Patients were recruited when first seeking clinical help and had no former experience with psychostimulant medication, which is common among newly referred patients with ADHD in the Netherlands. Controls were recruited with advertisements in local newspapers and received €90.00 each for their participation. All subjects were first screened with a telephone interview addressing past and current ADHD symptoms; psychiatric, neurological, and medical disorders; physical impairments; use of medication; and substance abuse. Then, subjects filled out translated versions of the Brown ADD Scale,27 the Conners’ Adult ADHD Rating Scales,28 and the DSM-IV ADHD-rating scale for current and past ADHD symptoms.29 Finally, we administered 2 structured interviews: a translated version of the Diagnostic Interview Schedule assessing ADHD symptoms (DIS-L)30 and the computerized Composite International Diagnostic Interview,31 assessing comorbid DSM-IV disorders. In contrast with controls, patients scored above ADHD cut-off values on the 3 self-report questionnaires (details described elsewhere11) and the DIS-L.
Subjects who reported clinically unstable conditions (ie, suicidal behaviors, psychosis, mania, or physical aggression), organic brain disorder, epilepsy, or past concussions were excluded.
Regarding controls, subjects were additionally excluded if they were currently suspected of having ADHD, other psychiatric disorders, or substance abuse; if they were diagnosed with a developmental disorder in childhood; or if they reported ADHD among relatives. This decision was based on the telephone interview, the self-report questionnaires,27- 29 and the DIS-L.30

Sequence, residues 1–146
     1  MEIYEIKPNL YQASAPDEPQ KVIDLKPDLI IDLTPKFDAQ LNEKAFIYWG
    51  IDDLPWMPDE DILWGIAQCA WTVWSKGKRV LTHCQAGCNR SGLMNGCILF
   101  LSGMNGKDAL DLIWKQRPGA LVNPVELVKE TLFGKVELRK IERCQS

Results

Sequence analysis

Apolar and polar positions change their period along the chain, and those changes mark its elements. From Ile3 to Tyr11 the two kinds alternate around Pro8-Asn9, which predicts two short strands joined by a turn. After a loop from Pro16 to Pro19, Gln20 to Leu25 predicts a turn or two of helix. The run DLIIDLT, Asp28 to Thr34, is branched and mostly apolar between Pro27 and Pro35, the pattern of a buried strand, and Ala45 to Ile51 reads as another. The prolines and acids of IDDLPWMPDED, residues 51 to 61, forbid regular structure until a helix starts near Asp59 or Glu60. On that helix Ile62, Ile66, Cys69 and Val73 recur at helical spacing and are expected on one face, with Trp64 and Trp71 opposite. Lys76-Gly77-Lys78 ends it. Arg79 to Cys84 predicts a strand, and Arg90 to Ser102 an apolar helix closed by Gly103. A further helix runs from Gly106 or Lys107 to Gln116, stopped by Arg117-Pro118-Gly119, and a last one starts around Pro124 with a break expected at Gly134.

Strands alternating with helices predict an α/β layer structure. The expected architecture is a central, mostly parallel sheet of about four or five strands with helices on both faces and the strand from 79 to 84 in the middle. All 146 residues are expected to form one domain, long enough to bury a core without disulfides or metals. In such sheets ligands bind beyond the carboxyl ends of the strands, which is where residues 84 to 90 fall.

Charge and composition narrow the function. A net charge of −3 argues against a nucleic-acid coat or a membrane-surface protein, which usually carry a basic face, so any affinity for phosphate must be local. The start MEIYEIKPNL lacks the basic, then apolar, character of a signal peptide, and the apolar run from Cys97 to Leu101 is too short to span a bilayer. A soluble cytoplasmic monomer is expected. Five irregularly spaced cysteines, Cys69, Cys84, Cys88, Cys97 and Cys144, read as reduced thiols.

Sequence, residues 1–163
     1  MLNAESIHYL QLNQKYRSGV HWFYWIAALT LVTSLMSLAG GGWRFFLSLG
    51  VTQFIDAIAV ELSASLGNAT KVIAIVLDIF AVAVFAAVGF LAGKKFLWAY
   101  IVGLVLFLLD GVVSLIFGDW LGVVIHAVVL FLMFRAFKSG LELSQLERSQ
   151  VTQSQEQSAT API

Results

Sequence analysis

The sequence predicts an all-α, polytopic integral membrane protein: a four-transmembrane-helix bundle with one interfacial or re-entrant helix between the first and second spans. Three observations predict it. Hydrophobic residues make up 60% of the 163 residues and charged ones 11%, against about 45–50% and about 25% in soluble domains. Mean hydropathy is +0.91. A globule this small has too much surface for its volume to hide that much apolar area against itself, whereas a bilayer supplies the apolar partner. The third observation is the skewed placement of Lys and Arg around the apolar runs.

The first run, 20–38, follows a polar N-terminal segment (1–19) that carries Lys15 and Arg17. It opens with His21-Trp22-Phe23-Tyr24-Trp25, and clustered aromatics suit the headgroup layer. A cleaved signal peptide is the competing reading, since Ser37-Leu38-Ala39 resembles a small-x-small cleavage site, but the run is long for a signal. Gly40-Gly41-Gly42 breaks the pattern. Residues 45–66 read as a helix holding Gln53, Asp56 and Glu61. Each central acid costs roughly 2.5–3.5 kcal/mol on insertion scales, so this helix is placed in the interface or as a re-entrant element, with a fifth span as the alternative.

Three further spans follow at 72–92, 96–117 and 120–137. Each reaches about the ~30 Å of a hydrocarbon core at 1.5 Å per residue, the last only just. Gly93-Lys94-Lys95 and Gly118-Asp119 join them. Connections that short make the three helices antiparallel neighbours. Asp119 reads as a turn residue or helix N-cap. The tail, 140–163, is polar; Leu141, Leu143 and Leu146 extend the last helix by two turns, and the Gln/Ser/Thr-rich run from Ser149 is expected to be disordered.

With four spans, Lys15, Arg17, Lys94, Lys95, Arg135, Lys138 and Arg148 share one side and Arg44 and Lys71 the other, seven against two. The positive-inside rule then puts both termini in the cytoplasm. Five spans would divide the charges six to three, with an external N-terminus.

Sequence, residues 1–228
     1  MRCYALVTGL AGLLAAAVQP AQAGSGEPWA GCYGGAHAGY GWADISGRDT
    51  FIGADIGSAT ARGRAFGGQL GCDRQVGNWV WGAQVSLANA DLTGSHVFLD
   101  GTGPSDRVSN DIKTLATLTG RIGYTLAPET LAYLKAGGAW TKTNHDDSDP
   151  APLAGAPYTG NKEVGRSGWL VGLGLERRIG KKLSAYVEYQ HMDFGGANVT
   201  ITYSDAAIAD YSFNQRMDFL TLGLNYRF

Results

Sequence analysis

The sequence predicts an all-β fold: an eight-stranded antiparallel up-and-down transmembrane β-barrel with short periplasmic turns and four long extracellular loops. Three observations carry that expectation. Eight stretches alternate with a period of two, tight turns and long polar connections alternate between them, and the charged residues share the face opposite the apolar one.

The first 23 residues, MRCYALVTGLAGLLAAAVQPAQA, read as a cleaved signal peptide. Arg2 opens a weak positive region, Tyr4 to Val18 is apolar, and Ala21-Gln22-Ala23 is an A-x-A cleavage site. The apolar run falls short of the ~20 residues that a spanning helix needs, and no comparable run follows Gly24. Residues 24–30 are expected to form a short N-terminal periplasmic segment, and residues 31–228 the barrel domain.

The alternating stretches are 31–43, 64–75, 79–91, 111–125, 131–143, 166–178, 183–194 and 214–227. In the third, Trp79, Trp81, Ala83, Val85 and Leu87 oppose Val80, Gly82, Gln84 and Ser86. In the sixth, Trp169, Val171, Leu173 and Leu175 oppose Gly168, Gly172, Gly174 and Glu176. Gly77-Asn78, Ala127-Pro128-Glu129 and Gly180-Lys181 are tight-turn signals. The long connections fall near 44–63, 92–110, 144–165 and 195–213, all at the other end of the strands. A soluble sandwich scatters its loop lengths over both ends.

Regarding the ADHD group, patients were additionally excluded if an experienced physician stated that the severity of a comorbid disorder was such that it required treatment first or that abstinence from previously prescribed medication was inadvisable. Comorbid Axis I disorders included current depression (n = 2, both dysthymic), lifetime depression (n = 13), current anxiety disorders (n = 8), bipolar disorder (n = 1, lifetime), tic disorder (n = 1, lifetime), substance abuse (n = 3, ie, alcohol, cannabis, and amphetamine), and alcohol dependence (n = 1, lifetime). Two subjects ceased the use of a selective serotonin reuptake inhibitor prior to participation.